Alex Jones has made a living making a fool of himself.  Of course that is not how he sees himself.  He sees himself as the one who is going to save us from gay frogs and false flags.  His worldview, such as it is, is that the entire political power structure, both inside and outside of the United States, is one big conspiracy, and only he is brave enough and enlightened enough to tell the truth about it.  He is genuinely an awful person and on behalf of people named Alex everywhere, I can assure you that the rest of us are ashamed he shares our name.  Anyway, after months of talk about fake news and the state of political discourse: YouTube, Apple, Spotify, and Facebook have kicked Jones and Infowars off their respective platforms.

There has been much talk about whether these companies made the right decision in booting Jones.  Of course a private company can do whatever it wants, we went through this whole process recently with Sarah Jeong and the New York Times, but that is an answer to a question nobody is asking.  There is no public university cracking down against wrongthink or some state attorney general suing a religious baker in the case.  The question is not can a private company ban certain points of view, but should they.  In this they made a mistake.

Jones’ entire shtick is peddling conspiracy theories and by banning him from their major platforms they played right into his hands.  Now Jones and Infowars have the allure of being banned and can portray themselves as free speech or truth-telling martyrs and they are the victims in some grand conspiracy.  Now that these companies have banned him, Jones is receiving more attention than he otherwise would have and he will see, at least initially, an uptick in interest in Infowars, which he will be able to spin as “They tried to silence me, but the truth is winning out.”  In fact it already has, Apple removed Jones’ podcasts but has not removed the Infowars app, which went from the 47th most popular in the country to the fourth in just two days.  The Android app available on the Google Play Store went from 31st to 11th.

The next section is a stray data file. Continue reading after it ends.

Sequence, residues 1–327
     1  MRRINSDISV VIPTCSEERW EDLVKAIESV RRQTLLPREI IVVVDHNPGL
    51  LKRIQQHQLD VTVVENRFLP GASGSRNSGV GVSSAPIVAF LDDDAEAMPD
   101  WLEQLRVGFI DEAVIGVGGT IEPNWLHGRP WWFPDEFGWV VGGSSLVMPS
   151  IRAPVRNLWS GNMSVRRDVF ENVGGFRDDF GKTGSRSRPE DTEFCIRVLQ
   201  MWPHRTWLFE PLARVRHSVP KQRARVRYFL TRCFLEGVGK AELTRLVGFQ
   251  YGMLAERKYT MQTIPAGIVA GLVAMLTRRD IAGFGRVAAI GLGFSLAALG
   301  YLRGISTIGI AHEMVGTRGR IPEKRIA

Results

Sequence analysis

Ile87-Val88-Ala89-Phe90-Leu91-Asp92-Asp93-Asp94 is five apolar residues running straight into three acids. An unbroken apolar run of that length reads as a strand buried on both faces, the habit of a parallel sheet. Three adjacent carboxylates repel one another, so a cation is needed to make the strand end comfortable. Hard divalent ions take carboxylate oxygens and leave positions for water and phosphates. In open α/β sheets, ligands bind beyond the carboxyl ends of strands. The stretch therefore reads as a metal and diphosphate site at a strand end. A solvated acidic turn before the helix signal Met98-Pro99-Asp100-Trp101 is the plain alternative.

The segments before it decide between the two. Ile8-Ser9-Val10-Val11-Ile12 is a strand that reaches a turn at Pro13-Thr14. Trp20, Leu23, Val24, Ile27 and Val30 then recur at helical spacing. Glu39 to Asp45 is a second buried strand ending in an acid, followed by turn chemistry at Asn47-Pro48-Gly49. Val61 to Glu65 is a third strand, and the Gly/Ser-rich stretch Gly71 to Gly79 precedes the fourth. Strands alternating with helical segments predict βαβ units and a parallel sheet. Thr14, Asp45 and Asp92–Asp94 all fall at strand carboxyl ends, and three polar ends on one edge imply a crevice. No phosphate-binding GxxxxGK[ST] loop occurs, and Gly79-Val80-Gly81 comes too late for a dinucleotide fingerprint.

Chris Murphy is a United States Senator, which means he put his hand on a Bible and swore to uphold the Constitution.  He tweeted that the future of the country was tied to whether Infowars has a YouTube channel.

While YouTube, Apple, Spotify, and Facebook can do whatever they want, a US Senator cannot, although they have opened themselves up to calls of hypocrisy and selective enforcement.  To say that the survival of the country depends on banning certain speech we do not like, even despise, is chilling.  Yes, Jones spreads hate and lies, but Chris Murphy should not be in the business of defining those terms.  The First Amendment protects CNN’s right to make fools out of themselves by saying that journalists covering President Trump are equivalent to members of the military and it protects Jones’ right to make a fool out of himself by saying that Barack Obama is the head of Al-Qaeda or that George Bush did 9/11, even if CNN and Infowars both consider themselves to be enemies on opposing sides of the Fake News War of 2018.

Alex Jones and Infowars do not deserve to be taken seriously or to be a major influence on politics in this country.  It is understandable that these companies may want to ban them to protect other users or the general public from harassment, especially as Jones is currently fighting a defamation lawsuit brought by the parents of Sandy Hook victims where he called them “actors” but by banning him certain companies have made them more relevant and a more sympathetic figure.